You do the laundry, you get tired but it shouldn’t stop you to change the appearance of your laundry room. You can make it chic and make you enjoy being in the room itself.

 

Cleaning the house is a task that most people dread. Busy schedules leave little time for managing daily household chores and weekly cleaning schedules often fly out the window. Then the last minute phone call comes: in-laws are coming to town, someone important is coming over for dinner, the neighbors need a place to meet.

If there’s a house cleaning schedule already in place, last minute cleaning can be a simple task. Even if it hasn’t been followed, house cleaning with a focused plan can be quite effective.

Pick Up Clutter Before Cleaning

Removing clutter from the house can go a long way to making it look and feel clean. The biggest mistake most people make is to start cleaning before picking up messes. To remove clutter, start in bigger, high-traffic rooms like the family room, living room, den, kitchen and dining room. Use a large tub and place everything that doesn’t belong in the room into the tub. Toys, books, magazines and envelopes can pile up readily in these rooms. Removing these items opens up the surfaces to make cleaning the room easier.

Fill a Cleaning Caddy With the Right Supplies

Nothing causes delay like not having the right supplies. Fill a bucket or basket with several towels, window cleaner, sanitizing cleaner and dusting spray. Carry this caddy throughout the house during the cleaning process.

Assign Cleaning Tasks According to Skill and Ability

Children are wonderful helpers. Even kids as young as two or three can be responsible for putting toys or papers into a basket or wiping down baseboards. They require a bit of supervision to succeed, but this early investment can pay rich dividends in years to come. Older children can be asked to wash and put away dishes, sweep floors, run a vacuum, or even dust. When cleaning on a tight schedule assign simple tasks to the youngest and ask older children to pitch in on harder jobs. The saying that many hands make light work is very true in housework.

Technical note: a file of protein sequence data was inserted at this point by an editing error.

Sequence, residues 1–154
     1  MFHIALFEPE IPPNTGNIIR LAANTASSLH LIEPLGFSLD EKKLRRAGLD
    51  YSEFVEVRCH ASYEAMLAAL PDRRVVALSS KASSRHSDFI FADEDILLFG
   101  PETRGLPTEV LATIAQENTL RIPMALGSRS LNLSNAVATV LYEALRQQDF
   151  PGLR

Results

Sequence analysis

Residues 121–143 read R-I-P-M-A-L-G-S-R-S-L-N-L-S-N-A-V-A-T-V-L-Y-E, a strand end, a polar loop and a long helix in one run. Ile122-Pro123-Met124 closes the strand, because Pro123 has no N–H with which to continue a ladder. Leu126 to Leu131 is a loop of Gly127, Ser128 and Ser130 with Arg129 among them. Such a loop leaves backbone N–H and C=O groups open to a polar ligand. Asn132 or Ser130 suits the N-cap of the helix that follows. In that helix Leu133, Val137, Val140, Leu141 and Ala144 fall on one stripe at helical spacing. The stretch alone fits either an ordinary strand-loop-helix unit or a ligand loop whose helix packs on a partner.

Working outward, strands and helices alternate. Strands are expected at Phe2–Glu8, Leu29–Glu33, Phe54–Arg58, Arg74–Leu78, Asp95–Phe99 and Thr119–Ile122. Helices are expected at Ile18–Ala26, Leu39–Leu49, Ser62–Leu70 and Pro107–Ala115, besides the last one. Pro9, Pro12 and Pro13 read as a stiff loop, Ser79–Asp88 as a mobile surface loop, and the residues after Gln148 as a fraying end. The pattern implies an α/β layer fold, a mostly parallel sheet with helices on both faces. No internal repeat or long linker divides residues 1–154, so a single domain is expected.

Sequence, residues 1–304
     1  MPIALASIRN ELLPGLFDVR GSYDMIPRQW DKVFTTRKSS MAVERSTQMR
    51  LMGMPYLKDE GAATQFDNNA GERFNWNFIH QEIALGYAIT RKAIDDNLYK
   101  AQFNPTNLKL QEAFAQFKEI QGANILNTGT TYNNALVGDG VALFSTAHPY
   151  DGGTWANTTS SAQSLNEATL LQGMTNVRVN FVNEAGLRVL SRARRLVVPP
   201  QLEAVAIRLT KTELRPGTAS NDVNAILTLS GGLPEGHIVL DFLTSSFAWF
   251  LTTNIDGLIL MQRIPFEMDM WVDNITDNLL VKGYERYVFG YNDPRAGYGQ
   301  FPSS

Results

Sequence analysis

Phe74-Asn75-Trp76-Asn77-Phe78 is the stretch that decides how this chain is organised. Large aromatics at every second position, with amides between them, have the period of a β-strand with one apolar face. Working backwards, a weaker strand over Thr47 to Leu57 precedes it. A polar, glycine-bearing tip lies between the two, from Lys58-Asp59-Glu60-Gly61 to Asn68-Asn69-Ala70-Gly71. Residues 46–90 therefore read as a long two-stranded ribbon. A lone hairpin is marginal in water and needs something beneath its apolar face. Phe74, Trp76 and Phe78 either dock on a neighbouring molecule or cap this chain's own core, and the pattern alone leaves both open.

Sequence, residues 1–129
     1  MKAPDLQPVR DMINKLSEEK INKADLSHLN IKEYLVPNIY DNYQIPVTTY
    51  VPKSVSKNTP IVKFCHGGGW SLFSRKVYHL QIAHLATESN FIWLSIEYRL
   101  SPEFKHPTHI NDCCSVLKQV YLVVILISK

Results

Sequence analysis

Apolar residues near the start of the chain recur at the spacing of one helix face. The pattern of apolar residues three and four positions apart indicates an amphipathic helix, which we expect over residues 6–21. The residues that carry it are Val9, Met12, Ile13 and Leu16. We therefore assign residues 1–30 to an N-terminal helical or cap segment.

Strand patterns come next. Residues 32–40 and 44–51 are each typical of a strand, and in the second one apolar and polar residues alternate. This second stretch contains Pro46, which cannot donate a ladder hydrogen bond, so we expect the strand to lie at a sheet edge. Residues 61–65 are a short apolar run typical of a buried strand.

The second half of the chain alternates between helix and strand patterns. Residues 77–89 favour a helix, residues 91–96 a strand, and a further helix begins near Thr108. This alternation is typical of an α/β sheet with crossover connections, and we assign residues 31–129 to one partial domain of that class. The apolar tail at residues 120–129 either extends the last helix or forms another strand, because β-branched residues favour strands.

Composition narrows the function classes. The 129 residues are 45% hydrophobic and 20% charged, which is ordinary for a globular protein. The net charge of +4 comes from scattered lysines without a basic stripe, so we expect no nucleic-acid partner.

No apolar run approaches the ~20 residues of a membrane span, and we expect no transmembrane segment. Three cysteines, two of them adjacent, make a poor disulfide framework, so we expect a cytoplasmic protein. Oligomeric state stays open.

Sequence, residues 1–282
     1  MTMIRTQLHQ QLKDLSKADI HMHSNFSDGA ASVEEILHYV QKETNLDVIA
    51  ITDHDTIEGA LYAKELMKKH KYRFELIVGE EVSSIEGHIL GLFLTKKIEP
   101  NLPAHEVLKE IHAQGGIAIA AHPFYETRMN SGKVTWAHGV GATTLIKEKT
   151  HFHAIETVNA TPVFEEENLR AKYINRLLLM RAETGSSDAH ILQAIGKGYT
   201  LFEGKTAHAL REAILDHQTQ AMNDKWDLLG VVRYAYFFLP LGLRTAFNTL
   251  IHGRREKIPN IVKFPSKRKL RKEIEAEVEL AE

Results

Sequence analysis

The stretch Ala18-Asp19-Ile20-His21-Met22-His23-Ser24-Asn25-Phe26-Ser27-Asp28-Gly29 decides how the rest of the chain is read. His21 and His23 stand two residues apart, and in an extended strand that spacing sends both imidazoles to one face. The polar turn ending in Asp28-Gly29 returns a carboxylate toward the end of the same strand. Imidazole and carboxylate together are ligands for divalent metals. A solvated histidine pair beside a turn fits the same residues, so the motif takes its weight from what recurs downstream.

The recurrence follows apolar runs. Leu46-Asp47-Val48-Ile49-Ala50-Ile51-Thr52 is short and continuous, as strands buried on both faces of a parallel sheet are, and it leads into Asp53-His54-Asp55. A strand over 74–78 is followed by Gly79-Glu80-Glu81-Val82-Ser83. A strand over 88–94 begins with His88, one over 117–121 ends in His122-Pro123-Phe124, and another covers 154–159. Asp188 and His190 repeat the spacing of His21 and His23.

Start Cleaning Up High and Work Toward Lower Areas

When cleaning a house, don’t work against gravity. Clean counters and cabinets before moving to floors. Wipe table tops and desks before running a vacuum. By taking a logical, systematic approach to cleaning, the house will get cleaner faster.

Prioritize Areas to Clean

If the cleaning is being done in anticipation of a party, focus on high-traffic areas. If necessary, choose one room to be the closed door room and move everything that can’t be dealt with immediately into that room or closet. When prioritizing, consider safety and comfort first. Kitchens and bathrooms should be high on the list as these areas receive the greatest amount of traffic.

Start with the counters and major appliances. Save the deep cleaning for another time. This is not the time to take a toothpick and clean the grout. This time should be focused on making the house presentable for visitors. Wipe down cabinet fronts, chairs and table tops. Don’t forget to clean the sink. Sweep, then pass a mop over the floor and move on.

Do the same type of cleaning in bathrooms. Wipe mirrors and door handles. Make sure the room looks appealing. Once these rooms are clean, move to the sitting areas. Follow the top down approach with vacuuming being the last step. Finally, move to the bedrooms. Make beds, fluff pillows, dust furnishings and pass the vacuum.

Following these steps doesn’t eliminate the need for deep cleaning but it will allow for the house to be cleaned for guests.

home improvement project

There are a number of reasons to be frugal during times of high unemployment and less expansion of a business sector leery of proposed tax increases across the board. When it comes to home improvement, this translates into focusing on projects that add to home resale value and maximize return on investment. Here are 8 common ones to reconsider.

home remodeling

Don’t Add an Extra Room

Considering a room addition? An additional room is almost always a welcome remodeling project. After all, don’t real estate ads begin with x number of bedrooms, x number of baths? This just goes to show that it’s an essential part of the valuation of a home, both for resale value and homeowners’ insurance purposes.